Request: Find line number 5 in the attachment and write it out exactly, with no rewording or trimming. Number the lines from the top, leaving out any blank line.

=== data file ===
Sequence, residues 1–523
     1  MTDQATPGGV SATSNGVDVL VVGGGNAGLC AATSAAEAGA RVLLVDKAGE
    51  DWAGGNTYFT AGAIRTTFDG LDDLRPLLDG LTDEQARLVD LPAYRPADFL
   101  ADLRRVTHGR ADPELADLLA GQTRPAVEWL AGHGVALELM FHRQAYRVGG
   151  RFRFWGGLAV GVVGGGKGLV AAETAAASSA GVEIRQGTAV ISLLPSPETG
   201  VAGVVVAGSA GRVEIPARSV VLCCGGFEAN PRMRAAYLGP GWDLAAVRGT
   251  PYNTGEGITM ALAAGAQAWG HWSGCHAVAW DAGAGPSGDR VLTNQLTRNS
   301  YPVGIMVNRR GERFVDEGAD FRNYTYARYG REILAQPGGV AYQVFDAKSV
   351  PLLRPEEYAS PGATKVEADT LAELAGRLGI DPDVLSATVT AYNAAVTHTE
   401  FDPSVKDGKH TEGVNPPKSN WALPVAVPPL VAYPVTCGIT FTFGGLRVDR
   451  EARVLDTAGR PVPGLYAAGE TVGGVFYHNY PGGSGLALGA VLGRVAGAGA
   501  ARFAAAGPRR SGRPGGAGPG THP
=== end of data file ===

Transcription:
   151  RFRFWGGLAV GVVGGGKGLV AAETAAASSA GVEIRQGTAV ISLLPSPETG